To the people of New York, Paris, or London, "death" is a word that is never pronounced because it burns the lips. The Mexican, however, frequents it, jokes about it, caresses it, sleeps with it, celebrates it; it is one
of his favorite toys and most steadfast love.
Of course, in his attitude perhaps there is as much fear
as there is in one of the others; at least he does not hide it;
he confronts it face to face with patience, disdain, or irony.
--Octavio Paz, The Labyrinth of Solitude
“Destruction of Sacred Burial Grounds Prompts Federal Judge to Protect Some Tribal Sites from Dakota Access Pipeline” By Larry Buhl • Tuesday, September 6, 2016
(This did not work out. The courts and feds must make more decisions.)
Show me the manner in which a nation or a community cares for its dead and I will measure with mathematical exactness the tender sympathies of its people, their respect for the laws of the land and their loyalty to high ideals.
--William E. Gladstone
The Day of the Dead by
William-Adolphe Bouguereau (1859)
Midweek Motif ~
The Day of the Dead
November 2nd is the second day of Day of the Dead or El Dia de los Muertos celebration in Mexico.
This is not a day of burial, but one of commemoration and feasting at the graves of dead relatives and friends. If this seems bizarre to you, think how lonely visits to graves must seem to those who honor El Dia de los Muertos.
Your Challenge: In a new poem, bring us to a traditional way of commemorating the dead.
Seamus Heaney reads 'Funeral Rites.' York Festival of Ideas, 26/06/2013
|By Geoffrey Grigson|
Please share your new poem using Mr. Linky below and visit others
in the spirit of the community.
Don't forget to put a link to this prompt with your poem.
(Next week Sumana's Midweek Motif will be ~ Path)
Wooo hooo❤️ Its time for Midweek Motif! I wrote mine yesterday keeping in mind two prompts.. it was just too brilliant an idea to give up (if you know what I mean) sharing my poem "Between Life & Death" thank you Susan for the continued inspiration ❤️
Lots of love,
Thank you for the prompt, Susan. Death is our ineluctable ending as living beings and to be afraid of death is to be afraid of life itself.ReplyDelete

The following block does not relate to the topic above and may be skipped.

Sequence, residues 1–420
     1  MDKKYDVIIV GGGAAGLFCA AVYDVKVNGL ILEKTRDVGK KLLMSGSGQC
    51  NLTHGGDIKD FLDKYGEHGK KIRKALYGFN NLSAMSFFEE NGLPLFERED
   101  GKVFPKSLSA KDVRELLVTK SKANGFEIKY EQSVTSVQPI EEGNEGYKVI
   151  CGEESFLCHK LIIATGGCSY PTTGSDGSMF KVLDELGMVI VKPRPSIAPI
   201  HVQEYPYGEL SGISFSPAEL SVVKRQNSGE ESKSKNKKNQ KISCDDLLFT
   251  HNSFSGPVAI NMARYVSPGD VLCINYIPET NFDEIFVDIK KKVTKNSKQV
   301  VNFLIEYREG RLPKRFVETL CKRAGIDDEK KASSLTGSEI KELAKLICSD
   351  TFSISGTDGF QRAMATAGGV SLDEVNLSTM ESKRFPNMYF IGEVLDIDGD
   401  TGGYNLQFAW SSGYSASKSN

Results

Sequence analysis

As well as the link above, last June I wrote a poem on the occasion of the death of a dear friend. The link is below:
Thanks for the prompt, Susan. I wrote the poem on the train while reminiscing my childhood hahaReplyDelete
I feared where this prompt would take us, but your poems are so powerful I've already had tears and laughter and awe, and the day is young. I guess the message is not to fear lifting the layers to go deep inside. And now--I'm going back to bed! See you later.ReplyDelete
Thank you for another motif - we are home but not quite ourselves just yet..good to be with you all again thoughReplyDelete
Oh I like this prompt, Susan, and love thinking about the traditions of other cultures around honouring their departed. I am glad you included the Dakota sacred burial sites in the feature, a topic much on our minds right now. I hope you feel better soon. Do take care.ReplyDelete
I'm late to the party but glad I made it. Good prompt Susan. Brought back memories.ReplyDelete
I posted early, entered at #10, however only now coming in to say Hi and have a good Wednesday. Also my apologies to those of you who have read my post for today already, for i have, after rereading make a few edits to correct spelling, including Line 2 of the first verse of the poem which i had earlier omitted, and putting a few capitals to words i had started with lower case.ReplyDelete
So that done.
So glad to participate after a long time...thanks for the prompt Susan.ReplyDelete
I am relieved that you are back! I've missed you and felt alone without you! I hope to hear more about your experience while away.Delete